[E-voting] intriguing possibilities using digial scanners

Catherine Ansbro cansbro at eircom.net
Sun Sep 11 12:14:34 IST 2005


Thanks very much for this.  I've posted your comment on the the BBV 
website.  I didn't include your name to protect your privacy--not 
because I didn't want to acknowledge your important contribution.  (Let 
me know if you'd like me to edit the post and include your name.)

Once again technology takes a nosedive as a credible solution!  I'm not 
surprised.  I was trying hard to keep an open mind but knew I didn't 
have the technical expertise to take a position.

The verification-of-the-verification --  all of which can be falsified 
-- is a very important point.


Marian Beddill wrote:

> Catherine et al;
> We discussed digital images at a recent forum in my city, at which Bev 
> Harris (of BBV) was one of the panelists. 
> In our state (Washington {Seattle}) somebody wrote into law many years 
> ago that a computer "record" has the value of a "cast ballot".  I was 
> astounded when I saw that, obviously the work of someone setting the 
> stage for internet and DRE voting. 
> Thus such a digital image, being by any standard a "computer record", 
> could be considered "the ballot".  We just barely escaped in recent 
> years language which would have made that able to trump even the 
> presence of a voter-verifiable paper ballot, but it still MAY BE used, 
> and that permission is what allows paperless DRE's to be used. 
> That leads me to the review of the ability to tamper with such a 
> digital image file.  Simple software may edit an image, such as the 
> common TIFF or JPEG files, thus such a record could easily have the 
> voter intent subverted by changing the file after the voter cast their 
> ballot.  Such a subversion could happen at any place in the 
> chain-of-custody of the image, and I believe that it would be very 
> difficult to prevent or even detect such edits.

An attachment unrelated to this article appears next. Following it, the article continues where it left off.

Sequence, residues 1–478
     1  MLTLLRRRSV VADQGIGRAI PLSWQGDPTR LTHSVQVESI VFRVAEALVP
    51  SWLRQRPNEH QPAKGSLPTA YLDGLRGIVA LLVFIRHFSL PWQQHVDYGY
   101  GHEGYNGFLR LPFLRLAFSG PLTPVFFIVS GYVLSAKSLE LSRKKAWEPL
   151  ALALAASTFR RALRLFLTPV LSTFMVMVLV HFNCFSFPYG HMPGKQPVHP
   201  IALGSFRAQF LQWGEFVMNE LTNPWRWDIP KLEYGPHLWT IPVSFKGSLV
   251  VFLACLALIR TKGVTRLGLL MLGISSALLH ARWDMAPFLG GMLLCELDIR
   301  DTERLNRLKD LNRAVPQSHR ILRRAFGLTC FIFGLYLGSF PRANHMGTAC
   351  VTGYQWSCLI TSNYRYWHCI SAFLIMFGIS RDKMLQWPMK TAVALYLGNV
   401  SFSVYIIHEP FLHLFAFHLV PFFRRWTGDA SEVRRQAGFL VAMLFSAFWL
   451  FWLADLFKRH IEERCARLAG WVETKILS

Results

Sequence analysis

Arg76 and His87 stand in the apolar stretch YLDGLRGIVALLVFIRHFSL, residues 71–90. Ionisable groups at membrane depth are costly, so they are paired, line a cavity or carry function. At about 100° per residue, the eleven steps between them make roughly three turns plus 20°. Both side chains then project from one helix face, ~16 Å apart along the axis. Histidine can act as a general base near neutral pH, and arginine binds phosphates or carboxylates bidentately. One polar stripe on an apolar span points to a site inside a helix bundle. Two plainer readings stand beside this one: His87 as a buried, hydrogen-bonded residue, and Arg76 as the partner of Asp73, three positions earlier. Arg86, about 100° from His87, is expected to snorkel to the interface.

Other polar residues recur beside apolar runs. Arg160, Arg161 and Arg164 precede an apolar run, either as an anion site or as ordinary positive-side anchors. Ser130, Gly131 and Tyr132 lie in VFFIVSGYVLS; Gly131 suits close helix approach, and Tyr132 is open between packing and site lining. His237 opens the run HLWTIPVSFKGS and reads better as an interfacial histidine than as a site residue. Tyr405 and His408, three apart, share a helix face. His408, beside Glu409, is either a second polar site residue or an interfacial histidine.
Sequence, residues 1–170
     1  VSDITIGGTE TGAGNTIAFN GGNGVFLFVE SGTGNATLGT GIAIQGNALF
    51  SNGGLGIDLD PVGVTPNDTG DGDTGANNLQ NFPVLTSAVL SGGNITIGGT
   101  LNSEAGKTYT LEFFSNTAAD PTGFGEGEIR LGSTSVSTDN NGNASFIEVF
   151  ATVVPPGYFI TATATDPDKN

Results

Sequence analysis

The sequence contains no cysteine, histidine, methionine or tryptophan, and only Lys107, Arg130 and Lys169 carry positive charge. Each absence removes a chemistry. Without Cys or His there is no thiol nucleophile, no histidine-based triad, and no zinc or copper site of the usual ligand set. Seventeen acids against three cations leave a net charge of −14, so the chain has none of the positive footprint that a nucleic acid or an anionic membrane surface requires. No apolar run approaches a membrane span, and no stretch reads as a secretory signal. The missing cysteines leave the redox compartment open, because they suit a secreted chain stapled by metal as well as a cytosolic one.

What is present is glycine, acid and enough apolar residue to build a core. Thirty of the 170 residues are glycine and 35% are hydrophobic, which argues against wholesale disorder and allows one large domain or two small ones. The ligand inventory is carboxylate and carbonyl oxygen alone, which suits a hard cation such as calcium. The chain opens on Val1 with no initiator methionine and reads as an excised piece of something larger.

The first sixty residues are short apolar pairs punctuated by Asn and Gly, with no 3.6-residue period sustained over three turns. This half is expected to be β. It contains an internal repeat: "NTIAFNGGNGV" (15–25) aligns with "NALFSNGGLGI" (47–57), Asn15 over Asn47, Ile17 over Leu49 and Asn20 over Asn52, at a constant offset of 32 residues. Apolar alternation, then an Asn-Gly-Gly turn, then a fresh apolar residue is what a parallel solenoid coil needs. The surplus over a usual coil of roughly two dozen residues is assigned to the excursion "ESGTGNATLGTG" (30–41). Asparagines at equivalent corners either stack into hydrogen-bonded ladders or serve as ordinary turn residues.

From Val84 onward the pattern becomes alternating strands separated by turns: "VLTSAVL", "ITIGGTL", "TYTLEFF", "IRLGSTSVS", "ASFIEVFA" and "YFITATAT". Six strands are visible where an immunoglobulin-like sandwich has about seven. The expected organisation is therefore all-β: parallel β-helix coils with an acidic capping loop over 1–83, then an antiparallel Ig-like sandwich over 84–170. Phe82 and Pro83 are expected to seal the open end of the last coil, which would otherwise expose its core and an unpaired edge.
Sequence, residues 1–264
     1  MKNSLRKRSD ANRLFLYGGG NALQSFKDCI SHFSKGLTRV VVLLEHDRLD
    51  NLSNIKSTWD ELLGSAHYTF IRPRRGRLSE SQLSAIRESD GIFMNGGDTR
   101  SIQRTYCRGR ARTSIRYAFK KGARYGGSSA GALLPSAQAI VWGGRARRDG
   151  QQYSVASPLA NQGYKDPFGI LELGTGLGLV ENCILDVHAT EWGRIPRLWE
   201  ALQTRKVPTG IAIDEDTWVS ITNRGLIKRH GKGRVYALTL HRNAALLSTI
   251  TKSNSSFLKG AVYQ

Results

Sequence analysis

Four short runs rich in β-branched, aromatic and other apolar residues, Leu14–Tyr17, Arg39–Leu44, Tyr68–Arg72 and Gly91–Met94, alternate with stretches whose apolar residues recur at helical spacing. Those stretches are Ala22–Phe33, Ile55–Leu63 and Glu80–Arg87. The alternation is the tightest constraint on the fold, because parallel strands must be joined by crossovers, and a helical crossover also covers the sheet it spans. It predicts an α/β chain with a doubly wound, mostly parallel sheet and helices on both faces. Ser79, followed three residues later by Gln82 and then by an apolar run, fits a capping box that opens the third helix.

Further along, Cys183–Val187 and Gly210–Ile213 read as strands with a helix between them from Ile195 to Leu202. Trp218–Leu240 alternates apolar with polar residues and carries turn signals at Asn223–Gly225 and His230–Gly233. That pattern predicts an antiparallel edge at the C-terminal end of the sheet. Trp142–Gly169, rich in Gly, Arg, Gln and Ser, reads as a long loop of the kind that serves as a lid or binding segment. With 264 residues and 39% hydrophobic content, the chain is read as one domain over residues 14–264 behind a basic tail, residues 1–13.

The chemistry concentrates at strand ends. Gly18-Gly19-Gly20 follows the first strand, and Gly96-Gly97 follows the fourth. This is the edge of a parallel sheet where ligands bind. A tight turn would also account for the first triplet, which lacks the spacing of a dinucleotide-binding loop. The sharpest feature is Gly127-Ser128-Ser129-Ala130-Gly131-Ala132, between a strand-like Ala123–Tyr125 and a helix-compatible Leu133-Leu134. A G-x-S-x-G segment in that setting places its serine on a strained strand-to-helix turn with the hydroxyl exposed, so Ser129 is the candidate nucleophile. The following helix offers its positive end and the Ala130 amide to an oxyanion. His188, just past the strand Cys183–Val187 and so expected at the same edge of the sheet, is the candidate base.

> It is true that files may have "signatures" or tags like the older CRC 
> number either internally or externally to the image file. But that 
> itself only constitutes yet another "computer record" which itself 
> could be subverted.  And the additional security management to verify 
> such coding would be a burden on the election staff - subject to human 
> failure allowing the images to be changed.
> Marian Beddill
> At 9/10/2005  04:14 PM, Catherine Ansbro wrote:
>> Have a look at www.blackboxvoting.org 
>> <http://www.blackboxvoting.org/> - new items re: optical scanning.
>> Finnish computer expert Harri Hursti has apparently developed some 
>> new methodology using existing optical scanners which produce a 
>> digital image.  (This doesn't relate to older scanners or ones that 
>> use infrared technology.)  Apparently he's developed open source 
>> software.  In the USA a scanned image of a ballot is considered to be 
>> a public record so at least in theory people should be able to get a 
>> copy of all the ballot images, and count them for themselves, with or 
>> without software.
>> Could this be of interest here?  Snag--I don't think we have any 
>> similar rules here relating to /images/ of ballots as public records.
>> Catherine
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